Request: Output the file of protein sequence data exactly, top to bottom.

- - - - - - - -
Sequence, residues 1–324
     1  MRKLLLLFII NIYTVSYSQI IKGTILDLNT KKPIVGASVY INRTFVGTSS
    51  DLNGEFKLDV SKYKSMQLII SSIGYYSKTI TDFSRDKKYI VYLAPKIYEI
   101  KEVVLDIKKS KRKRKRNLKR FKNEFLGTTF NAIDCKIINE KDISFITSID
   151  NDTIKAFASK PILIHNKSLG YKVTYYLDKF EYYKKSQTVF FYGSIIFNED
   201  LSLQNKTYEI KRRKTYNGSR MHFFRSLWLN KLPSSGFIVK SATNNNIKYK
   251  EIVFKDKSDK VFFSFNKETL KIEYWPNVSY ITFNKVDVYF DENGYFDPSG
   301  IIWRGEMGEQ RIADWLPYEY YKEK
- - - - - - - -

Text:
Sequence, residues 1–324
     1  MRKLLLLFII NIYTVSYSQI IKGTILDLNT KKPIVGASVY INRTFVGTSS
    51  DLNGEFKLDV SKYKSMQLII SSIGYYSKTI TDFSRDKKYI VYLAPKIYEI
   101  KEVVLDIKKS KRKRKRNLKR FKNEFLGTTF NAIDCKIINE KDISFITSID
   151  NDTIKAFASK PILIHNKSLG YKVTYYLDKF EYYKKSQTVF FYGSIIFNED
   201  LSLQNKTYEI KRRKTYNGSR MHFFRSLWLN KLPSSGFIVK SATNNNIKYK
   251  EIVFKDKSDK VFFSFNKETL KIEYWPNVSY ITFNKVDVYF DENGYFDPSG
   301  IIWRGEMGEQ RIADWLPYEY YKEK